The band were forced to postpone their Real Fits fundraiser gig, which had been set to take place at the London Hackney Round Chapel on Friday, June 20th 2008, as Barât was rushed to hospital on June 17th with acute pancreatitis. A further European festival date taking place on June 22nd was also cancelled.

Dirty Pretty Things announced their separation on October 1st 2008 and played their final show on December 20th 2008 at London's Astoria 2 venue.

Solo Career and Other Notable Work
In a statement to the NME regarding Dirty Pretty Things' separation, Barât claimed no specific future plans but confirmed his intention to continue writing music.

In 2005, Barât and his friend, Adam Green of The Moldy Peaches appeared in a documentary following the pair on a night out in London. He also modelled for clothing brand J. Lindeberg, along with Juliette Lewis.

In mid-November 2008, it was announced that he would be playing as a special guest opener for Glasgow band Glasvegas on their North American tour. Barât had previously performed a well-received solo set at the Glastonbury Festival's Left Field Stage on June 29, 2008. Between January 8 and January 14, 2009, Barat played four solo acoustic slots in America, with a setlist of Libertines and Dirty Pretty Things songs, including "What a Waster," "The Man Who Would Be King," "BURMA," "Bloodthirsty Bastards," "Ballad of Grimaldi," "Music When the Lights Go Out," "France," "Deadwood," and "Time For Heroes."

Barât played his first headline solo shows on 6 and 7 March 2009 at the Wakefield Escobar and at the KU Bar in Stockton-on-Tees.

On 28 February 2008, Barât and bandmate Anthony Rossomando presented Glasvegas with the Philip Hall Radar Award at the NME Awards.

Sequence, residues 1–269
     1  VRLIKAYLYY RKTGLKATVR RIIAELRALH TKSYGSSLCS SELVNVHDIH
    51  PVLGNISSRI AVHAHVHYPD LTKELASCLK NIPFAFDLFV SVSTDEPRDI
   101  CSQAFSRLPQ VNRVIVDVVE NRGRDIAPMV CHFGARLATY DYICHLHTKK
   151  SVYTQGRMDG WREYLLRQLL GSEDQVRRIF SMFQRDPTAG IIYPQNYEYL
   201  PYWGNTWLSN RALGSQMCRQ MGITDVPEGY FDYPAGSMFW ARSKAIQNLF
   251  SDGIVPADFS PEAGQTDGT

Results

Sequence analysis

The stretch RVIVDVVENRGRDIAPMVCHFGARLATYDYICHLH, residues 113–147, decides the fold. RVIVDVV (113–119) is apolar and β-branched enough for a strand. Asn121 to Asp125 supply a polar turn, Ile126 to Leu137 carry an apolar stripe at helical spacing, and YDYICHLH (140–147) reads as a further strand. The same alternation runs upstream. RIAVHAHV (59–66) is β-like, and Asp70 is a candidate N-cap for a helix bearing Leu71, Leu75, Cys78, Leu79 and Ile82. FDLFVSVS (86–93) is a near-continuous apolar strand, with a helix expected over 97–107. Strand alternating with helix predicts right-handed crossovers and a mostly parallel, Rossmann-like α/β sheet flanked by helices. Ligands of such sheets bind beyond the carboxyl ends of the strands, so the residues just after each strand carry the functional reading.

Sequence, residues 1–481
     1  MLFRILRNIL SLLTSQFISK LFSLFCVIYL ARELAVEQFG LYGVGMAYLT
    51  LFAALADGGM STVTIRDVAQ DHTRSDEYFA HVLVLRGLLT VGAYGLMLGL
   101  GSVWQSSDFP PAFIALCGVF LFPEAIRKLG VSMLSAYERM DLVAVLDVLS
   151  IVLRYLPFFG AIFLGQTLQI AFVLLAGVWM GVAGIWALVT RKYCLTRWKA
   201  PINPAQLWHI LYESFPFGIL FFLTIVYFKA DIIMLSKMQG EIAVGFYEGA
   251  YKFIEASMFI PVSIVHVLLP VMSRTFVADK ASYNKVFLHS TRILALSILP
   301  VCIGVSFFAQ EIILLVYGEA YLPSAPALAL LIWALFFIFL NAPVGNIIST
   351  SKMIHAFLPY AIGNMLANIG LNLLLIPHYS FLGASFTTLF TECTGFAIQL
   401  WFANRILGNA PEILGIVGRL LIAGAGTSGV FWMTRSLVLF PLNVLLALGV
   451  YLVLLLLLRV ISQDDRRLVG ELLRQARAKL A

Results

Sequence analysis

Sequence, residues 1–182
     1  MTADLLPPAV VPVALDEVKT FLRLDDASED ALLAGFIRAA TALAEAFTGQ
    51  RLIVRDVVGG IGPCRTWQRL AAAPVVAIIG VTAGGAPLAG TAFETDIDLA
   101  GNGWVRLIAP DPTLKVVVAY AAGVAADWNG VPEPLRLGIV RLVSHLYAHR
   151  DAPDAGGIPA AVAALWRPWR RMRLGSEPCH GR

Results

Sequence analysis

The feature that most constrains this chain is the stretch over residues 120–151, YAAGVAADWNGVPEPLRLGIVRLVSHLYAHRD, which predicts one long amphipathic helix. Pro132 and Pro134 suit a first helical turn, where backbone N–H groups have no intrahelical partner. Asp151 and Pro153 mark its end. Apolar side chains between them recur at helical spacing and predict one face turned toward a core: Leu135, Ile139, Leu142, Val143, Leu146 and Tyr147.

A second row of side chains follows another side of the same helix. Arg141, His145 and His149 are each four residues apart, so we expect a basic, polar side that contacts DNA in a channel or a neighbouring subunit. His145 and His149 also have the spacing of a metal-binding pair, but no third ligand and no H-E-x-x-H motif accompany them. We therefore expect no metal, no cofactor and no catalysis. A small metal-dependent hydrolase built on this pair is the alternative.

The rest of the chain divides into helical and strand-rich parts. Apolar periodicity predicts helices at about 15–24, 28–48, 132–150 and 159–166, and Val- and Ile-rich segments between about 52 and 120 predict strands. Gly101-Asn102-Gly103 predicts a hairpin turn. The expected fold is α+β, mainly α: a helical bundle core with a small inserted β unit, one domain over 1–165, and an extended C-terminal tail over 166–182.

In October 2008 Barât wrote a blog entry for The Pepsi Maxcast, a MySpace site where musicians from various genres discuss the music they are currently listening to.

Barât is a founding member of supergroup The Chavs, alongside Tim Burgess of The Charlatans, Primal Scream keyboardist Martin Duffy and drummer Andy Burrows from Razorlight. Tim Burgess stated that The Chavs planned to record their debut album in August 2008, but nothing has been heard of the project since.

In 2008, he featured as actor in the film Telstar in the role of Rock'n'Roll singer Gene Vincent. The film premiered at the London Film Festival on 25 October 2008 and was released on 19 June 2009. He also featured in an advertisement for BBC Two's The Culture Show, being asked about British culture. A longer version of his interview can be found on the Culture Show website

Barât featured in BBC Two's "The Culture Show", answering questions about British culture.

Carl Barât played his first headline solo shows on 6 and 7 March 2009 at the Wakefield Escobar. He also played at the KU Bar in Stockton-on-Tees on 8 March.

In May 2009, Barât featured as himself in a pilot episode for 'Svengali', alongside former manager Alan McGee and Welsh actor Jonathan Owen.

On 9 June 2009, Barât debuted two new songs, "So Long" and "Monday Morning" at a solo show at Dunfermline's Carnegie Hall. On 25 August, a short video entitled "Two British Dudes" featuring Barât and fellow musician Har Mar Superstar was released on crappyholidays.net. Barât also produced the debut EP "Scapegoat" of London-based singer-songwriter Kieran Leonard which was released in October.

In January 2010, Barat appeared in the stage play Fool For Love alongside actress Sadie Frost. The play ran until March 2010 at Riverside Studios in Hammersmith, London.